• Love Potion: Used on Rava by Tormack's wizard to get her to marry a slug king infatuated with her. Did not work out, to say the least.
  • Luckily, My Shield Will Protect Me: An explicit power of the Golden Shield is the ability to negate any and all attacks dealt against the bearer, even repulsing the destructive power of the Golden Lance.
  • Mad Scientist's Beautiful Daughter: Rava looks like it in Episode 6, but is later revealed to still be evil.
  • Magical Accessory: Rava's initial weapon is an armlet encrusted with three gems: ruby, diamond, and black stone. The first two allows the user to cast fire and crystallizing beams, respectively, while the third contains Black Magic that's only meant to be used as a last resort. She later hands the armlet over to Goleeta as a gesture of goodwill... but of course, Rava being Rava, that's not saying much.
  • Manipulative Bitch: Rava in a nutshell. She'll sweet talk anyone into cooperating with her using false promises of loyalty, only to turn her back once a "better alternative" presents itself. Every. Time.
  • Minidress of Power: Goleeta's blue armor-like dress has a short skirt that never seems to fall out of place no matter what acrobatic move she does.
  • Murder the Hypotenuse: As part of Rava's master plan to obtain Goleeta's kingdom and capture Galtar (so she could coerce him into marrying her), she sets up a duel between herself and Goleeta at Nightmare Canyon that would see the two of them try swinging across a collapsed bridge at the same time — where deadly spikes are waiting below. First one to reach the other end wins. Sounds fair enough... except Rava hired Rak and Tuk beforehand to sabotage Goleeta's rope so that it snaps midway, hoping that she'd plummet to her doom. Galtar, thankfully, saves her just in the nick of time.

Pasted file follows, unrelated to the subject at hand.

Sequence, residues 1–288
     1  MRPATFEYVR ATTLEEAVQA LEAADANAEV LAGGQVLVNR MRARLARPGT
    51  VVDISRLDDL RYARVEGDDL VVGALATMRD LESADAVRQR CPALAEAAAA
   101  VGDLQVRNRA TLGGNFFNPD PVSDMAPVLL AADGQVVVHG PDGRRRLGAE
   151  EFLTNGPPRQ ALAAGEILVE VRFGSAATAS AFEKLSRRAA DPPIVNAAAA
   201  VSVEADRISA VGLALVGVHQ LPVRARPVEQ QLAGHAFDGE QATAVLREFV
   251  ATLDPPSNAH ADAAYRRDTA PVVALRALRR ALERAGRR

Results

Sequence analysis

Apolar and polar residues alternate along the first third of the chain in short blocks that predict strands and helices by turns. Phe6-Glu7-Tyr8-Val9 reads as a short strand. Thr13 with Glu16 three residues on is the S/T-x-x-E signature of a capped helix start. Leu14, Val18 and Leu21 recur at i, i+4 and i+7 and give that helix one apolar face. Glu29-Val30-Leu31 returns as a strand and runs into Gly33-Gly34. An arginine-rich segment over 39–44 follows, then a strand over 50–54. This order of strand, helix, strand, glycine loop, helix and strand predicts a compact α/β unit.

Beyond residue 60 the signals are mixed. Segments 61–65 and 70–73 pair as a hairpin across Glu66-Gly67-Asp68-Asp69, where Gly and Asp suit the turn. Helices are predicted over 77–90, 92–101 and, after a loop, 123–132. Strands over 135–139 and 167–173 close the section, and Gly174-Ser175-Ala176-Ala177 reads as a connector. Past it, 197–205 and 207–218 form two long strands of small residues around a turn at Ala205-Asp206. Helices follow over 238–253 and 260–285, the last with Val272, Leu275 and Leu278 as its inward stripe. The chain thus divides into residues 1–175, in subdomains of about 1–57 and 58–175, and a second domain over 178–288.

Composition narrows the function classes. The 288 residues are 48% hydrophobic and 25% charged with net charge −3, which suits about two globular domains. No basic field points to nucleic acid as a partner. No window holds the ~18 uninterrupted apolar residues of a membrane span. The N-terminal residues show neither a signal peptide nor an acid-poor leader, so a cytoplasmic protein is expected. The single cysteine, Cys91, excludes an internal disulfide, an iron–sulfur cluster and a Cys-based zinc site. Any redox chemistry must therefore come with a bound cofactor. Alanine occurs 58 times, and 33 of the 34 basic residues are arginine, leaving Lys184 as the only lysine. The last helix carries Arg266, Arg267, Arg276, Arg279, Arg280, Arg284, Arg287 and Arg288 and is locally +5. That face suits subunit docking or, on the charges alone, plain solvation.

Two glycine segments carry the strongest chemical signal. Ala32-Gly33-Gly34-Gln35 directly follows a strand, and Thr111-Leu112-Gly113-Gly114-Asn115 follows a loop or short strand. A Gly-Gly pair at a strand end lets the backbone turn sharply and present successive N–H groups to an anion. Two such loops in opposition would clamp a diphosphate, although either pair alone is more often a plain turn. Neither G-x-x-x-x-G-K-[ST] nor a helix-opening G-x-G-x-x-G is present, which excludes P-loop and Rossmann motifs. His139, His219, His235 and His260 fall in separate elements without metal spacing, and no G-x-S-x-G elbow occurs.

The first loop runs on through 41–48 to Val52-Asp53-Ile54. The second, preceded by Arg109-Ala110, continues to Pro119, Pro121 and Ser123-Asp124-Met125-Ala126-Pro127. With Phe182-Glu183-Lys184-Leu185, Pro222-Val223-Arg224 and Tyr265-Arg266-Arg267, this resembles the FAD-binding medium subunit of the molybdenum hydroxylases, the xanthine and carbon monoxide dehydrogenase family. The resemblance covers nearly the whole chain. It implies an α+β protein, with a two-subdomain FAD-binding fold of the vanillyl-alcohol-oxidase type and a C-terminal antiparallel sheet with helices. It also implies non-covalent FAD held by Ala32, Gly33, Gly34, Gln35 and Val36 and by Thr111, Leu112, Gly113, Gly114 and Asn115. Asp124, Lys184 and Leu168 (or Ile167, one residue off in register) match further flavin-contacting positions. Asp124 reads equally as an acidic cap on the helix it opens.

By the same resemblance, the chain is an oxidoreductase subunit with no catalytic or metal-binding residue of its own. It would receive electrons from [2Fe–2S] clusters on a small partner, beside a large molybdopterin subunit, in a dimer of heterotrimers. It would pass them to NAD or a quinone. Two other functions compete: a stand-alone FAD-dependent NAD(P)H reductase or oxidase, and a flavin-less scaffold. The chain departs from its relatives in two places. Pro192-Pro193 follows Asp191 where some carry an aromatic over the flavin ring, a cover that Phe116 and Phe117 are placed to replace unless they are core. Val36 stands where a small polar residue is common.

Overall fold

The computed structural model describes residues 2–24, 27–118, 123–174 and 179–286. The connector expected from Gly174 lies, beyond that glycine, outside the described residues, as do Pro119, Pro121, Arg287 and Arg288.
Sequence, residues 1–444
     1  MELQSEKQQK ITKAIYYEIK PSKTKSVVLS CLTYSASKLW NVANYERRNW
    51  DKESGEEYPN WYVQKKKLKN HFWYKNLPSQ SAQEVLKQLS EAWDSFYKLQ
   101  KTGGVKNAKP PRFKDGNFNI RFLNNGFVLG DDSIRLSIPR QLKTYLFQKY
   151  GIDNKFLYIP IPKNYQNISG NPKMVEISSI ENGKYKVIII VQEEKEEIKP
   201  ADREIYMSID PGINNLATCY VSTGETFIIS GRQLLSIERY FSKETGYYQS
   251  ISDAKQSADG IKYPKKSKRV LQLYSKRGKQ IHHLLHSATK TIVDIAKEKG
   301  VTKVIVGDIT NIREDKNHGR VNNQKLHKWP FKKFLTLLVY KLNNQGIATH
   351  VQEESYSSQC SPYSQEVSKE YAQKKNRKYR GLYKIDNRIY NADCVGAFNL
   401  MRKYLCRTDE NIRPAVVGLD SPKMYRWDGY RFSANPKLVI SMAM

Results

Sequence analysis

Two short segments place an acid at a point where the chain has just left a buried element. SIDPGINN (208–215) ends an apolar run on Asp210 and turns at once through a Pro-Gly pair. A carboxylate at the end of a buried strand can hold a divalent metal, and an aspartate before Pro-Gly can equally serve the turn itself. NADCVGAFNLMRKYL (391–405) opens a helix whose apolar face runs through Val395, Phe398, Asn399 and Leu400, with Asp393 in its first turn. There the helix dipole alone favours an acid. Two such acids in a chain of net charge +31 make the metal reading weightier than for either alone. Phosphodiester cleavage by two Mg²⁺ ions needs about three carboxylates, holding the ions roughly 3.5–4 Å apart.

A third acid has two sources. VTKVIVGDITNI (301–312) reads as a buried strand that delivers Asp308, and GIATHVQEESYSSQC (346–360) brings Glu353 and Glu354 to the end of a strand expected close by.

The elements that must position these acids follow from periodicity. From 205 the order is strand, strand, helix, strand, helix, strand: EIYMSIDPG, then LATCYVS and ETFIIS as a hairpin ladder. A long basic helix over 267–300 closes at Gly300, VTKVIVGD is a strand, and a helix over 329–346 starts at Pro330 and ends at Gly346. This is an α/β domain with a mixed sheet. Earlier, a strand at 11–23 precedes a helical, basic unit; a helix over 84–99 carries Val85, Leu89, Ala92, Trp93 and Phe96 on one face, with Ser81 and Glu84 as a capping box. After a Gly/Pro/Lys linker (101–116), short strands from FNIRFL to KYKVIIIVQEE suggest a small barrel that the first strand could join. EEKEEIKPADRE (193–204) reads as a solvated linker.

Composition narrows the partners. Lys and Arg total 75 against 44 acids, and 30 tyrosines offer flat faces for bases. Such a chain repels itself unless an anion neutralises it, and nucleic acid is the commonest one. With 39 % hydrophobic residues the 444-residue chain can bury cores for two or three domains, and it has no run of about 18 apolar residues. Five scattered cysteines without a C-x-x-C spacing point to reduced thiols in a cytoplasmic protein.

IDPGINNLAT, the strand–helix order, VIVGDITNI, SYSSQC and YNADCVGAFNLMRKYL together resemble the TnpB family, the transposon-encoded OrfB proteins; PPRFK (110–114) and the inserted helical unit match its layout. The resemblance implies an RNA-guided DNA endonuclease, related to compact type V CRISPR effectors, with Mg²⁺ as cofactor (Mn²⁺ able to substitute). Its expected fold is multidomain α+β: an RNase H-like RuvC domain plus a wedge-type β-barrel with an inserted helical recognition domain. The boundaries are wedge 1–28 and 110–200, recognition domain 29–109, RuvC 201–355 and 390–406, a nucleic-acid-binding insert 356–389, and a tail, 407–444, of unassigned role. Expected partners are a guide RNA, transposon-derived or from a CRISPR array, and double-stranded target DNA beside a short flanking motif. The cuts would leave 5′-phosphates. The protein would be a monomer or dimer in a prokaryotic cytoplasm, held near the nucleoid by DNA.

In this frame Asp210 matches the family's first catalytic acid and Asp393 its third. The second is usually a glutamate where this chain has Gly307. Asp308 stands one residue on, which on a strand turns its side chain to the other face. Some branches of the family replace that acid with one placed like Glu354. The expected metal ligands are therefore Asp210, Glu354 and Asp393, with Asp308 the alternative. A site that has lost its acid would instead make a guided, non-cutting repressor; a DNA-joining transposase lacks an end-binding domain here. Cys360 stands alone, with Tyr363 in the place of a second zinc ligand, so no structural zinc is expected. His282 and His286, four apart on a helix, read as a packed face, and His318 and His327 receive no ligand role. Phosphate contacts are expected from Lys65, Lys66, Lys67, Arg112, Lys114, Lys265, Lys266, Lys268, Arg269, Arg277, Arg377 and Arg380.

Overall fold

• Non-Indicative Name: The "Golden Lance" is actually a double-bladed sword that can split into two swords.
  • Once an Episode: Galtar loses the Golden Lance, allowing the episode's plot to happen without Galtar being able to simply carve through it with a superior weapon.
  • Only the Pure of Heart: The Lance will destroy anyone who does not use it for good, and can only be used by its chosen hero (it was mentioned in an early episode that Zorn couldn't use it). Except that somehow, Rava, of all people, used it in Episode 21. What.
  • Our Dwarves Are All the Same: Averted. Dwarves in this realm have tiny horns and claws, and the two we see the most often, Rak and Tuk, are almost goblin-ish sniveling thieves and schemers.
  • Precision-Guided Boomerang: Zorn's Skyscreamer. Justified by Zorn's Mind over Matter ability; he can make it do impossible things and come back.
  • Pretty in Mink: Rava's white fur dress.
  • Puppy Love: Zorn and Marin. The two kids hit it off immediately during the short time they spend together, with Zorn even acting all chivalric in order to impress her. Forced to go their separate ways in the end, the young prince makes a solemn promise to one day find Marin again. And he probably would've, had the show been allowed to reach a proper conclusion...